11 FPDM Illustration of Metrology Labor-Saving Metrology labor saving (net): ~$2.4 million annually ( ) In 1994, prior to the publication of FPDM 1.0 (1998), a NIST workshop on display standards concluded that: Few companies could afford to follow all the display standards activities Industry metrologists needed access to the latest measurement developments OEMs needed a bedrock of measurement standards to enable their choice of the best display for their application. Other standards spoke to the issue of what to measure but nothing had been published on how to measure and how to avoid the pitfalls of bad metrology 11 Flat Panel Display Measurement Standard (FPDM)

12 FPDM Illustration of Metrology Labor-Saving (Continued) Prior to the development of FPDM, a producer or buyer of flat panel displays (FPDs) would consult any (or all) of a number of existing standards, depending on the specific application and: Expend considerable resources working out which measurements best suited a given need Working out the numerous technical measurement inconsistencies among the various measurement standards Negotiating agreement on chosen metrics and measurement procedures to be used in qualifying a FPD for future use The FPDM resolved many of these technical difficulties by offering a measurement standard with a set of measurement procedures that is unambiguous, that applied to multiple display technologies, and that was practical to utilize 12 Flat Panel Display Measurement Standard (FPDM)

13 FPDM Illustration of Consensus Labor-Saving Consensus labor-savings (net): ~$640,000 annually ( ) The range of reduced time commitment for industry WG participants by hours. Prior to the resolution of measurement issues in the FPDM, attempts to reach consensus in so technically challenging and complicated a field could be bogged down in specsmanship: Reporting a measured value that could mislead or where the display is measured in a configuration in which it would never be used but provides better reporting values to hide a deficiency for competitive purposes NIST staff analyzed, tested, reviewed, composed, and edited the FPDM drafts under the auspices of NISTs Flat Panel Display Laboratory 13 Flat Panel Display Measurement Standard (FPDM)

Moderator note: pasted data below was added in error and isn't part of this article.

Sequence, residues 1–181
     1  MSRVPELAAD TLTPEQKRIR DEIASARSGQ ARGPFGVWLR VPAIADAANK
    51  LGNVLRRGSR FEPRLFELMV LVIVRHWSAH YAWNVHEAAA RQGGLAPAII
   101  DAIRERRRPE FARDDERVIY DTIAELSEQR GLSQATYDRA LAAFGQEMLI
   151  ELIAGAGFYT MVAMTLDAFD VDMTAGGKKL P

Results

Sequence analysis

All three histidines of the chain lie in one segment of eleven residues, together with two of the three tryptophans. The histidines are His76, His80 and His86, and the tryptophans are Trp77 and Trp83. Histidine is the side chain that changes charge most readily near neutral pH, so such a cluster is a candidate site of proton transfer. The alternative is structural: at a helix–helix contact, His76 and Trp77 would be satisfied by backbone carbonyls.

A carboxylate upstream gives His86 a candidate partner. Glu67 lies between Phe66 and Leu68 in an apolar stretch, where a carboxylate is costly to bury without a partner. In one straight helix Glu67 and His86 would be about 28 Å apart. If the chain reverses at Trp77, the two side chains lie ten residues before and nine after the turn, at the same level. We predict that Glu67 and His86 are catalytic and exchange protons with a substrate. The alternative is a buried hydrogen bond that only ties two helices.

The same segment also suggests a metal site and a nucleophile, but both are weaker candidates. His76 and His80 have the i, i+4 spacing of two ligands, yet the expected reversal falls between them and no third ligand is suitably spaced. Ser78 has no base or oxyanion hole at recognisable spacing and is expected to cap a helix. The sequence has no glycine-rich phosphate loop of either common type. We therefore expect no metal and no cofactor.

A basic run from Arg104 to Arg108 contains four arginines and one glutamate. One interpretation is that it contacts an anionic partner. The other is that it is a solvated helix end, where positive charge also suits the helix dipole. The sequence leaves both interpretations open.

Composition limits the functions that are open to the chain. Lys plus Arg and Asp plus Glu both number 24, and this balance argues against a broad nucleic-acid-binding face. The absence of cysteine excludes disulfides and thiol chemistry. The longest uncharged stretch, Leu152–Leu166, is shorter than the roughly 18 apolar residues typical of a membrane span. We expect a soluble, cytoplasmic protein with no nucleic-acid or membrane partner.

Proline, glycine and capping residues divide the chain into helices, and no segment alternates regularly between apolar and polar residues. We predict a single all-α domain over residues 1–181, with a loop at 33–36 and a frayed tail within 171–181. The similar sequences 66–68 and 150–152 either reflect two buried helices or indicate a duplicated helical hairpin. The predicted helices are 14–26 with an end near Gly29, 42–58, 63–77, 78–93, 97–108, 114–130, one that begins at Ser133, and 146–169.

14 FPDM Illustration of FPDMs Revenue Impact One test equipment manufacturer with average annual sales of $700,000 ( ) estimated that, without FPDM, sales would have been much lower, in the range of only $200,000 - $500,000 FPDM was developed faster due to NISTs participation FPDM 1.0 (1998): Avg. estimate was 4.5 years faster 14 Flat Panel Display Measurement Standard (FPDM)

15 FPDM Illustration of FPDMs Consumer Surplus Implications Intense competition in the FPD industry forces prices below some consumers willingness to pay. Economist call this benefit, consumer surplus A few survey respondents indicated that FPDM increased consumer surplus (increased willingness to pay above competitive market prices) by 36%, 36 cents worth of value for each dollar actually spent by consumers for FPDM- supported products 15 Flat Panel Display Measurement Standard (FPDM)

16 FPDM Measures of Economic Impact Very conservative estimate of VESAs/NISTs return on investment (ROI) in FPDM Net Present Value (NPV) in 1992: $15,573,930 Value, in 1992 dollars, of the eventual outcome of the VESA/NIST investment Net Present Value in 2010: $56,323,545 Value, in 2010 dollars, of the 1992 NPV invested for 19 years at 7% per annum Real Social Rate of Return: 48% The discount rate that makes NPV 1992 = 0 and makes BCR = 1 (VESA/NISTbreakeven) Benefit-to-Cost Ratio (BCR): 4 NPV of benefit stream/NPV of cost stream 16 Flat Panel Display Measurement Standard (FPDM)

17 Documentary standards have significant economic impacts, similar to the economic impact of other infratechnologies NIST collaboration with SDOs is a significant technology transfer platform NIST involvement in SDOs improves the efficiency of the SDOs operations by reducing consensus-making time and speeding standard release date NISTs measurement know-how played a critical role in the dynamics of this global, knowledge-driven industry, enabling the structured dialog that lead to the proliferation of FPD applications 17 Lessons Learned

18 NIST Standard Coordinating Office (SCO) plans to continue to support the development of impact assessments SCO will translate lessons learned into a strategic planning approach to advise NIST staff about the likely impact of their SDO collaborations Ultimately leading indicators of the economic impact of NIST engagement with specific SDO committees Many economic studies point to the value of standards in general:more is better The management question is, Will this engagement in standards development be economically significant and add significant value and best support NISTs mission? 18 Whats Next?